It’s Time To Rethink The American City

A panel at the American Institute of Architects convention discussed some of the greatest challenges facing today’s cities and suburbs.

It’s Time To Rethink The American City

It’s day two of the American Institute of Architects convention in Chicago, where more than 20,000 attendees have gathered to talk about architecture and design. Friday morning’s keynote emphasized issues of resilience and sustainability, with speakers tackling everything from greenhouse gas emissions in cities to obesity and suicide rates in suburbs. The throughline: Design is key to building a healthier, happier America.


Architecture 2030‘s Ed Mazria spoke, and a panel moderated by KCRW producer Frances Anderton included Majora Carter, an urban revitalization strategist; Ellen Dunham-Jones, chair of the Congress for New Urbanism; Robin Guenther, principal at Perkins+Will; and Rachel Minnery, a disaster resiliency activist.

Mazria, whom AIA director Helene Combs Dreiling called “a hero,” established Architecture 2030 in 2002 with the goal of drastically reducing the global emissions associated with the building industry. The nonprofit’s mission is to make all newly constructed buildings carbon neutral by 2030–a challenge that has since been adopted by the AIA, the U.S. Conference of Mayors, National Governors Association, the Royal Architectural Institute of Canada, and a plethora of other organizations.

“This is a huge opportunity for the global architecture and planning community,” Mazria said. “The urban built environment’s responsible for 75% of all global greenhouse gas emissions…that’s where the work has to be done.”

Of adapting to climate change, he said, “Life depends on it.”

Ed Mazria

Frances Anderton, host of LA-based NPR affiliate KCRW’s architecture and design show, DnA, opened up the panel by asking a fairly simple question: “What do we mean by resilience, and how do we actually explain this notion to the public?”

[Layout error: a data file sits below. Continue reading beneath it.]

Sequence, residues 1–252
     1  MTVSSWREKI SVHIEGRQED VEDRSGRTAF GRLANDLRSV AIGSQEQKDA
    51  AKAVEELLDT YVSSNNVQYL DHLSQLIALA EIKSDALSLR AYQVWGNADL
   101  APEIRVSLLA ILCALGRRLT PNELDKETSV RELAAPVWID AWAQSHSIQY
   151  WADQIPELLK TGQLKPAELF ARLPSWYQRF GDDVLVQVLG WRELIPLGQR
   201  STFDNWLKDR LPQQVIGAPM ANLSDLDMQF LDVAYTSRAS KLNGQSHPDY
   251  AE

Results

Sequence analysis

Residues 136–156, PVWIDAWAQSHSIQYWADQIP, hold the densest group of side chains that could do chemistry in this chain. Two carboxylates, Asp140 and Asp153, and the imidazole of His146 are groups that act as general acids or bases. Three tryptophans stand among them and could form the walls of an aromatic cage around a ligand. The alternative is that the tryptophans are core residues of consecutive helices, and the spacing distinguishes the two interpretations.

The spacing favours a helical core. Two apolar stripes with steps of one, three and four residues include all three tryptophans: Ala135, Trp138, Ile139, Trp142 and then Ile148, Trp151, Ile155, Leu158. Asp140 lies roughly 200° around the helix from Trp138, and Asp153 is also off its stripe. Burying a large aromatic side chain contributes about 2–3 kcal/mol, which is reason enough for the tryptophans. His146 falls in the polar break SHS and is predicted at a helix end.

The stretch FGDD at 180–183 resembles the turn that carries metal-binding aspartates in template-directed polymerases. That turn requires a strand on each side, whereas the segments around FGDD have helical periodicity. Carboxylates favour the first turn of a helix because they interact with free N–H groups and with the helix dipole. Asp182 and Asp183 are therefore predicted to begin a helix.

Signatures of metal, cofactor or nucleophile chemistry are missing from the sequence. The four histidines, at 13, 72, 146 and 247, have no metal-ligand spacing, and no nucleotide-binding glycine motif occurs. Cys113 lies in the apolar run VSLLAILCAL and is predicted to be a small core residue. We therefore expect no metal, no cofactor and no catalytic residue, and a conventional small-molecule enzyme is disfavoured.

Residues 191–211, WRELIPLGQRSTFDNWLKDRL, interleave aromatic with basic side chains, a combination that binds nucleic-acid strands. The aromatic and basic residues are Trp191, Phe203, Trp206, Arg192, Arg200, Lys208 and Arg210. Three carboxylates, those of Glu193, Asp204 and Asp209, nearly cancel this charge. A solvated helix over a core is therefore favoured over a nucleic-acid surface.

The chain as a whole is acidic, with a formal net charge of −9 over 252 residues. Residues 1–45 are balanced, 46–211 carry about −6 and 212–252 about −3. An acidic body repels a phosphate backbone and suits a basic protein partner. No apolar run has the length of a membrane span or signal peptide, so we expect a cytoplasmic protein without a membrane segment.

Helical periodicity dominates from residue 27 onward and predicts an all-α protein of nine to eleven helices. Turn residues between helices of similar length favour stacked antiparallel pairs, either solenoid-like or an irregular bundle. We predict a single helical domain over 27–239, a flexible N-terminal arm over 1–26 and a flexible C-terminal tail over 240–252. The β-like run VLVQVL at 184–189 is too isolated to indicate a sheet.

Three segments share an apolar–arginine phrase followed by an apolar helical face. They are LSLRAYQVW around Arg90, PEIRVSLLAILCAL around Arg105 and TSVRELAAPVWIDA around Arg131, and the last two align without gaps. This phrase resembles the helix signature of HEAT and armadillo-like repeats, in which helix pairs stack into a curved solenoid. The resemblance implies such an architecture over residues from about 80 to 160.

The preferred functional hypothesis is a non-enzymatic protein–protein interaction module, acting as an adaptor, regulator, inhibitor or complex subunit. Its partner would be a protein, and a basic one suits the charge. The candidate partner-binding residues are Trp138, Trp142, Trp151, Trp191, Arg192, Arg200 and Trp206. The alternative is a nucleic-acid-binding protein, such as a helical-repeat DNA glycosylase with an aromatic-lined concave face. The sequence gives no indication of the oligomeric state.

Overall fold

Rachel Minnery, an architect who focuses on disaster resilience, said “it’s the ability to adapt to change. There isn’t more imminent of a time when you have numerous changes to adapt to than a disaster.”

Majora Carter, who founded an organization called Sustainable South Bronx in 2001, had a simpler definition. “This is about how do you create happy, healthy communities that are able to take care of themselves and each other,” she said, adding that forging social ties is a key aspect of that. “The issue of survivability in any case is social cohesion,” she said.

The AIA panel on resilience

Ellen Dunham-Jones, co-author of the book Retrofitting Suburbia, echoed observations made by others at the convention on the link between the suburbs and poor health: “On the health side, the suburbs are not as resilient, not as healthy,” she said, observing that beyond issues of car-centric planning and obesity rates, “suicide rates go up as density goes down.”

She warned against the emphasis on privacy often valued in suburbs, as this isolation can make communities less resilient. “Since 2005 more Americans in poverty live in suburbs than in cities and they have less access to social networks and cushions.”

Other panelists echoed the concept. “What we need to do is really elevate or change the movement of our culture,” Minnery* said. “Inherently in the U.S., we have our boxes–We have our property lines, we’re individual property owners. We need to shift that from a culture of ‘I’ to a culture of ‘we.'”


Carter explained that as a non-architect, she felt architects could do a better job of communicating their value in designing communities, not just buildings. “You architects don’t understand how scary you all are. You come in with these cool ironic glasses and these big brains,” she said. “It’s not just about the building. It is about the context that building is in… How is this going to fit in the larger picture of how a city lives and breathes and loves and works? Those are the things we need you to be saying.”

*Due to a typo, the original version of this post indicated that Rachel Minnery shared a name with a small fish. Her last name is Minnery, not Minnow.

About the author

Shaunacy Ferro is a Brooklyn-based writer covering architecture, urban design and the sciences. She's on a lifelong quest for the perfect donut.